Duvel Tripel Hop

Duvel Tripel Hop

In the third instalment of our four-part blog series, we present another heavyweight of Belgian beer- the Duvel Tripel Hop blonde IPA. The hops in this exquisite beer are Saaz-Saaz, Styrian Golding & Citra. Personally speaking, this is one of my favourite beers due to its taste and colour. It is available from the The Belgian Beer Shop.

About Duvel Tripel Hop (

Colour: Blonde
Alcohol by volume: 9.5%
Character, taste and aroma: An elegant but pronounced bitterness with a dry finish. Its citrusy fruitiness and hoppy bitterness are well-balanced by its alcohol content, and combine to make a complex and refined marriage.

Belgian Beers
Origins and process of Duvel Tripel Hop (

Whereas the classic Duvel is traditionally brewed with two varieties of hops, the Tripel Hop (as its name indicates) involves the addition of a third variety of aroma hops. The Duvel Tripel Hop was produced for the first time in 2007, but only as a one-off limited edition.

After a bet with Michel Moortgat, and an associated Facebook campaign, the Belgian beer tasters’ association called “Lambiekstoempers” (presided over by Johan Madelijns) collected 12,000 signatures, leading to the beer being taken back into production in 2010.

This beer has now been part of the standard Duvel-Moortgat range since 2012. Although the basic ingredients are the same as those used for the traditional Duvel, each year a new aroma hop is selected to become that third hop variety.

2010 saw Amarillo hops used, in 2012 Citra hop was selected, while in 2013 the brewery plumped for a Japanese aromatic hop variety called Sorachi Ace. In 2014 head brewer Hedwig Neven chose Mosaic hops. In 2015 the third hop chosen was Equinox. For Duvel Tripel Hop 2016 the third hop selected was so new that it was just a number; HBC 291, an experimental hop variety hailing from the Yakima Valley.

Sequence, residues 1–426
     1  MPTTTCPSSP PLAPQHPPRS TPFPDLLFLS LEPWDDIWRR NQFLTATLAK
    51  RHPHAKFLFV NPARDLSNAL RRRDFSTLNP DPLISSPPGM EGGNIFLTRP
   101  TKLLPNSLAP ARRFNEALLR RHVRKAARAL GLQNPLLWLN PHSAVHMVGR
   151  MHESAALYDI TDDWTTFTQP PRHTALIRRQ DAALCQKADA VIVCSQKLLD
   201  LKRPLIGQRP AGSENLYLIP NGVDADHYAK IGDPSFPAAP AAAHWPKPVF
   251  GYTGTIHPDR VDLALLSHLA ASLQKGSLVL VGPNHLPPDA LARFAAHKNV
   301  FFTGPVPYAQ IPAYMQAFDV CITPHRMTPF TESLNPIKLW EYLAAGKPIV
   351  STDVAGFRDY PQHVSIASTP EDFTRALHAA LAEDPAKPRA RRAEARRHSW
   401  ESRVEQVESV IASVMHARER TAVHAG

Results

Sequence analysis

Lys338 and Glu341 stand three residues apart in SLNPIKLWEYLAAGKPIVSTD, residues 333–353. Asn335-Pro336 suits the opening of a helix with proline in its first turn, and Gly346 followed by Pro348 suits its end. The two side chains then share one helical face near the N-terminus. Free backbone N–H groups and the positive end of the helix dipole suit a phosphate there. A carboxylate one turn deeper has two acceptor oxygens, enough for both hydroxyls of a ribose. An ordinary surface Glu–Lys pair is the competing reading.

After putting the six different Duvel Tripel Hop blends into a limited edition Duvel Tripel Hop tasting pack in late 2016, fans got the chance to vote for their favorite. Citra came out on top and will be permanently used as the third hop variety from 2017.

The Tripel Hop is based on the dry-hopping technique, where the bells of the aromatic hops are added, not only during the cooking stage in the brewing room, but also during the maturation phase.

This adds to its pronounced aromatic flavour, giving a richer taste palette, additional hop aromas and a more powerful bitter flavour. The Tripel Hop also packs more of an alcoholic punch than its elder brother.

About Belgian IPA (

Inspired by American India Pale Ales and Double IPAs, more and more Belgian brewers (like Chouffe & Urthel) are brewing hoppy pale colored ales for the US market. There’s been an increase of American brewers making Belgian IPAs, too. Generally, Belgian IPAs are considered too hoppy by Belgian beer drinkers. Various malts are used, but the beers of this style are finished with Belgian yeast strains (bottle-conditioned) while the hops employed tend to be American. You’ll generally find a cleaner bitterness versus American IPAs, and a pronounced dry edge, akin to an IPA crossed with a Belgian Tripel. Alcohol by volume is on the high side. Many examples are quite cloudy, and feature tight lacing, excellent head retention, and fantastic billowy heads that mesmerize (thanks, in part, to the hops). Belgian IPA is still very much a developing style.

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